Argued October 19, 1945.
Decided November 26, 1945.
Appeal from the District Court of the United States for the District of Columbia.
Action by Richard Carter against the Baltimore Ohio Railroad Company and another for false arrest. From an adverse judgment, plaintiff appeals.
Mr. W.C. Sullivan, of Washington, D.C., with whom Mr. Ernest F. Coleman, of Washington, D.C., was on the brief, for appellant.
Mr. Henry R. Gower, of Washington, D.C., with whom Messrs. George E. Hamilton, John J. Hamilton, George E. Hamilton, Jr., and William A. Glasgow, all of Washington, D.C., were on the brief, for appellees.
Before ALBERT LEE STEPHENS, Circuit Judge, sitting by designation, and WILBUR K. MILLER and PRETTYMAN, Associate Justices.
Appellant was plaintiff below in a civil action against his former employer, the railroad appellee, and the Terminal Company. He complained that he had been suspended from service and thereafter dismissed without cause by the railroad, that his arrest had been falsely, maliciously, fraudulently and without probable cause, caused by defendants, that he had been denied access to the Union Station by defendants, although it was necessary for him to pass through that station to perform the duties of his subsequent employment and thereby lost his employment, and that he was prevented from obtaining employment with any other railroad.
The complaint was in three counts, in each of which plaintiff alleged that he had been deprived of his liberty, unjustly accused, greatly humiliated and distressed, and put to great inconvenience, vexation, trouble and expense, had been unemployed and thereby had lost compensation for services since the 27th day of May, 1942, and had been unable to obtain employment with any other railroad, had been injured in his credit, good name and reputation in the estimation of his friends and neighbors and with divers persons with whom he desired to have business, and had thereby sustained great loss.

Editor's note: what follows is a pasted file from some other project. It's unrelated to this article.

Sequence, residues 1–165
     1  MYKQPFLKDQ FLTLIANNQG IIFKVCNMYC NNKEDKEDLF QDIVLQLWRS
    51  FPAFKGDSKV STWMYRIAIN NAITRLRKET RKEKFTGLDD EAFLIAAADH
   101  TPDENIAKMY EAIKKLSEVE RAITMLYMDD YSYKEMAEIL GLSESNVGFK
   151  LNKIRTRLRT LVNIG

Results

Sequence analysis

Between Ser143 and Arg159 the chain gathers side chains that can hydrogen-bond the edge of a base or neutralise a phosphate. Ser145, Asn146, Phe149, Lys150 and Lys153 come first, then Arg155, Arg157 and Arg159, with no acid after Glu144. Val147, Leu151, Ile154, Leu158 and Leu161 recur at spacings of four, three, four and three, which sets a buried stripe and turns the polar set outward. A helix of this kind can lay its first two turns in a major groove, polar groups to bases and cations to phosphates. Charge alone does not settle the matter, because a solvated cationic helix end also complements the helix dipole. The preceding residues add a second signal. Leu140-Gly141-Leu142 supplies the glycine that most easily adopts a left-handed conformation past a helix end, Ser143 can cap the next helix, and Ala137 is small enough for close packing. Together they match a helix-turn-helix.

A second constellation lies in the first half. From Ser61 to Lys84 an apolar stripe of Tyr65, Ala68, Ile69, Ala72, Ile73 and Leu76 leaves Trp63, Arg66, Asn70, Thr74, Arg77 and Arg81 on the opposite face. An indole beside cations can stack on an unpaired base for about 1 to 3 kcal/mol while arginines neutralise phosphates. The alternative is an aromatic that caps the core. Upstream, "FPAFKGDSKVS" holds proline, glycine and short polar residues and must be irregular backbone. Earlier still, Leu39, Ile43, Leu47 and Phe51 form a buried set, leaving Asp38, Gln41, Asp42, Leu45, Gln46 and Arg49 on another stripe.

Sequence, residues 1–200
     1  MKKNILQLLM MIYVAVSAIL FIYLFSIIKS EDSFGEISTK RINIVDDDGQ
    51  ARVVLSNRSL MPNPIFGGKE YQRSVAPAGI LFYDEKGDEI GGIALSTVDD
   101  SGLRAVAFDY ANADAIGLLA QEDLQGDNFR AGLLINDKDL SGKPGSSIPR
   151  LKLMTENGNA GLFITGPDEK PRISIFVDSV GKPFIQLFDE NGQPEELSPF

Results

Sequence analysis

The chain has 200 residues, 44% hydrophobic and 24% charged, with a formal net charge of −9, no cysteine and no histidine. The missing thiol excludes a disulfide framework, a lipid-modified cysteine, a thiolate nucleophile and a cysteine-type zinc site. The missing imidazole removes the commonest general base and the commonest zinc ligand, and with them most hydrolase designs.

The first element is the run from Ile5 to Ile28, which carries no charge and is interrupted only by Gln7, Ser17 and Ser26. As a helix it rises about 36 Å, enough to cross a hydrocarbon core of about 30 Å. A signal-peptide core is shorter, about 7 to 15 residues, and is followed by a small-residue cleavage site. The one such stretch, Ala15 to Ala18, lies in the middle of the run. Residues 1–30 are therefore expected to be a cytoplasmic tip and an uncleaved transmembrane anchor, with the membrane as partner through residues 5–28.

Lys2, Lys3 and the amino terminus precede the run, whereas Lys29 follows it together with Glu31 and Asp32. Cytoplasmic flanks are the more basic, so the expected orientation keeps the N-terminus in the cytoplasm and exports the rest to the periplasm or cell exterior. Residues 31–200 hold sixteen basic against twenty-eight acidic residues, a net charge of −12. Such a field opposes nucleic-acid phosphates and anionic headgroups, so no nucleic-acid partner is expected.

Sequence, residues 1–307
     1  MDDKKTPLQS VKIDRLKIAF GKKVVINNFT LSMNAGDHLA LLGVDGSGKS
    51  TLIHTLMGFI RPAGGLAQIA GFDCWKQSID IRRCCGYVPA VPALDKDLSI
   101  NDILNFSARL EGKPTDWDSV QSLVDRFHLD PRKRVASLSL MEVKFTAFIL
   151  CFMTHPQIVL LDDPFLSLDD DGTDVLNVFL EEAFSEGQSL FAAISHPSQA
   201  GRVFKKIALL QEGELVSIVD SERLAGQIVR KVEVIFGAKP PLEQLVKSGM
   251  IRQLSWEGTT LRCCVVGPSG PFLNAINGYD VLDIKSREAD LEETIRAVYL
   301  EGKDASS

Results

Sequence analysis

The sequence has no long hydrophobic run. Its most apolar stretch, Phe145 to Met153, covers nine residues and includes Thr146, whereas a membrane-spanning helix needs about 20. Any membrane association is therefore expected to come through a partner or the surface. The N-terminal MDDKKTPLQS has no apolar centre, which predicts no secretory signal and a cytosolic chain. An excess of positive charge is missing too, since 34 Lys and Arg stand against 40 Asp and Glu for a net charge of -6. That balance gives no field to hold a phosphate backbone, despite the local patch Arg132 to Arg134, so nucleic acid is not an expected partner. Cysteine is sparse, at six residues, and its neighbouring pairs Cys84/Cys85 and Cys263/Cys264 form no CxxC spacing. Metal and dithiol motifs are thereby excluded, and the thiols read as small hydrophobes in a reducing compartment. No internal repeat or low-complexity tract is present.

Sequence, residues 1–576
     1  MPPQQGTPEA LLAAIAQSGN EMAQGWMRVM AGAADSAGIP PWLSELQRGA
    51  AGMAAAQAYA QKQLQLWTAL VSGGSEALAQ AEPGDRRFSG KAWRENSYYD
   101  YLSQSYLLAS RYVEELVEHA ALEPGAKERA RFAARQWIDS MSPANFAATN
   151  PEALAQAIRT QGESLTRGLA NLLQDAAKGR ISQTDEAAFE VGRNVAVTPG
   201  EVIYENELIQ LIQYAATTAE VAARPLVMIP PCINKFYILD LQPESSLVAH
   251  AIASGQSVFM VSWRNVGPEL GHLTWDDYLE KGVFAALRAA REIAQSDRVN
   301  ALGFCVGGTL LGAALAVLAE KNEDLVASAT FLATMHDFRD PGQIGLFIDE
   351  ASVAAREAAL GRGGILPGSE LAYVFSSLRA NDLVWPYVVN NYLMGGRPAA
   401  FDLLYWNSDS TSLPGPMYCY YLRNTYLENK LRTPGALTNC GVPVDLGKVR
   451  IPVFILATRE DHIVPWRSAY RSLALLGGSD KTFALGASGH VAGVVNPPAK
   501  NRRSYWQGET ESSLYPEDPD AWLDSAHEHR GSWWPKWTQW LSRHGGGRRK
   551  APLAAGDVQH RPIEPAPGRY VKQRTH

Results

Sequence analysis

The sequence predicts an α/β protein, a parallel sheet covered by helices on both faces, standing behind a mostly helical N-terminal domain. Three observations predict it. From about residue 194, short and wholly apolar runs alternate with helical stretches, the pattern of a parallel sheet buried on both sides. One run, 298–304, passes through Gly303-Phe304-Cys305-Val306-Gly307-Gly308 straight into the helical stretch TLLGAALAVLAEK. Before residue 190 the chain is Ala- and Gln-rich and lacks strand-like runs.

Rule 34, Fed. Rules Civil Procedure, Tit. 28, U.S.C.A. following section 723c.
The case came to trial by a jury. In the opening statements counsel for both parties made reference to the circumstances of plaintiff's discharge from the service of the railroad, and both made references to an alleged contract between the railroad and a union of its employees. When the opening statements had been completed, counsel for the defendants, out of the hearing of the jury, raised a preliminary question as to the right of the plaintiff to recover damages for his discharge or for wages lost by his discharge. Counsel for the plaintiff thereupon stated:
"Well, if your Honor please, the trouble with all this Mr. Gower (counsel for the defendants) has been talking about is that it is something that hasn't anything to do with the case. Our reference to the discharge was purely a matter of inducement. We are not suing for discharge or for wages lost by discharge. We are referring to those matters as matters of inducement leading up to what happened as Items of damage. Our suit is for false arrest. Our suit is not for discharge at all."
During the trial the same question as to whether an issue of wrongful discharge was or was not in the case, arose several times. Counsel for plaintiff stated consistently that the issue was not in the case, counsel for defendants consistently agreed, and consequently the court repeatedly so held. No contract between the railroad and the union was offered or received in evidence, and it developed that plaintiff was not a member of the union.